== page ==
Pic 17: A dwarf depicted on a Classic Maya vase is shown playing a significant role in an apparent discussion or face-off between groups
Pic 17: A dwarf depicted on a Classic Maya vase is shown playing a significant role in an apparent discussion or face-off between groups (Click on image to enlarge)

Mushrooms have associations to lightning in legend and folklore because they often appear literally overnight after a lightning storm. In some cases, lightning is perceived as creating mushrooms. Mushrooms are “holy children” that appear in rituals involving the consumption the hallucinogenic “mushrooms of the earth” (Psilocybe mexicana Kumm) called ‘ene· di:z or ‘Thunder’s teeth’ among indigenous communities in Oaxaca. The rain-lightning god and his dwarf servants may explain the symbolic association of mushrooms to “holy children” often depicted as dwarfs (pic 17).

Pic 18: Amanita muscaria, the “thunderbolt” mushroom of the Quiché Mayans of Guatemala. Psychoactive, and referred to as ‘ene· di:z’ or “thunder’s teeth”, it is used by Mixe curers of Oaxaca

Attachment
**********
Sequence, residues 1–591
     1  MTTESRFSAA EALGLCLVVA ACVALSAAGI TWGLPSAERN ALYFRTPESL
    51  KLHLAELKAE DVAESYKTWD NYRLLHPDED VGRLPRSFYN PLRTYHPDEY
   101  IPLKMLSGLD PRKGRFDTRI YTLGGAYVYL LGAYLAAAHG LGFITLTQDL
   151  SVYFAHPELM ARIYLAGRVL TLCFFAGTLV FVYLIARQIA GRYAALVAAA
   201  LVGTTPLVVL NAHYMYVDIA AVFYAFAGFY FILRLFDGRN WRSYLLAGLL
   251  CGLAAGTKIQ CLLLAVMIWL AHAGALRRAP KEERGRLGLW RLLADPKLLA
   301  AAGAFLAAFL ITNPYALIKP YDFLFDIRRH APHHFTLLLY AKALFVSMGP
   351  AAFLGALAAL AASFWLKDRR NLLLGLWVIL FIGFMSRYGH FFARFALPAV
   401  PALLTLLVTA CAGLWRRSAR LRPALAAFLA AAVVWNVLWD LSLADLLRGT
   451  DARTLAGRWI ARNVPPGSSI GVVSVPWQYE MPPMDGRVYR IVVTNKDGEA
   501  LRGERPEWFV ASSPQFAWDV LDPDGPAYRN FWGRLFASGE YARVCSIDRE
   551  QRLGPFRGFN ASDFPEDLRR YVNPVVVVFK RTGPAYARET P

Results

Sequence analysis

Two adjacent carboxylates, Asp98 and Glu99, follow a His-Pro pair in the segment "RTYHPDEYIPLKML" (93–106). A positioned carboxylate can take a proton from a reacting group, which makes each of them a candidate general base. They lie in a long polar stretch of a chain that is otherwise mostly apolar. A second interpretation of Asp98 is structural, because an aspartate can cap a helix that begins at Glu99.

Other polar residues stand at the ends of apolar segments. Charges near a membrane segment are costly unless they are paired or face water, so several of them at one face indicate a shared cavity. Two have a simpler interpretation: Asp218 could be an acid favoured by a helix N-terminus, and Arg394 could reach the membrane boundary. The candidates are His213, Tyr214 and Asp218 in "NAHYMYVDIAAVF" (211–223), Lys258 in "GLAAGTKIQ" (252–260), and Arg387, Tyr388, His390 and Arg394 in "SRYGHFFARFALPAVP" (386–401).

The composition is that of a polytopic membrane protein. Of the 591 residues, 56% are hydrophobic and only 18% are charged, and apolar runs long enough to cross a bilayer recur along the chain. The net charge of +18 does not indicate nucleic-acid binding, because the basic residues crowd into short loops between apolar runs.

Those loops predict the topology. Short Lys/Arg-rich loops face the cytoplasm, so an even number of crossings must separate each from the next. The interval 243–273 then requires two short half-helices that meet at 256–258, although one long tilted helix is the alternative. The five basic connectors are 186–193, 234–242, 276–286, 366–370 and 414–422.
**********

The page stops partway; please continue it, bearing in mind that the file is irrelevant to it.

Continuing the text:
Pic 18: Amanita muscaria, the “thunderbolt” mushroom of the Quiché Mayans of Guatemala. Psychoactive, and referred to as ‘ene· di:z’ or “thunder’s teeth”, it is used by Mixe curers of Oaxaca (Click on image to enlarge)

Significantly, another psychoactive mushroom, the Amanita muscaria or ‘fly agaric’ (pic 18), is called ‘thunderbolt mushroom’ by Quiché Mayans.

Lightning’s symbolic associations among Mesoamerican cultures reveals a complex of related ideas culturally defined and distinct to varying degrees over time and space. These associations are largely derived through observation of the natural world, and were integrated in different communities in quite specific ways to create relatively coherent and largely consistent worldviews in which lightning always plays important roles.

Pic 19: Mural of Tlalocan from the Tepantitla Palace at Teotihuacan. Tlalocan was reserved for victims of drowning or had otherwise been killed by manifestations of water, flood, disease associated with water or by lightning strikes
Pic 19: Mural of Tlalocan from the Tepantitla Palace at Teotihuacan. Tlalocan was reserved for victims of drowning or had otherwise been killed by manifestations of water, flood, disease associated with water or by lightning strikes (Click on image to enlarge)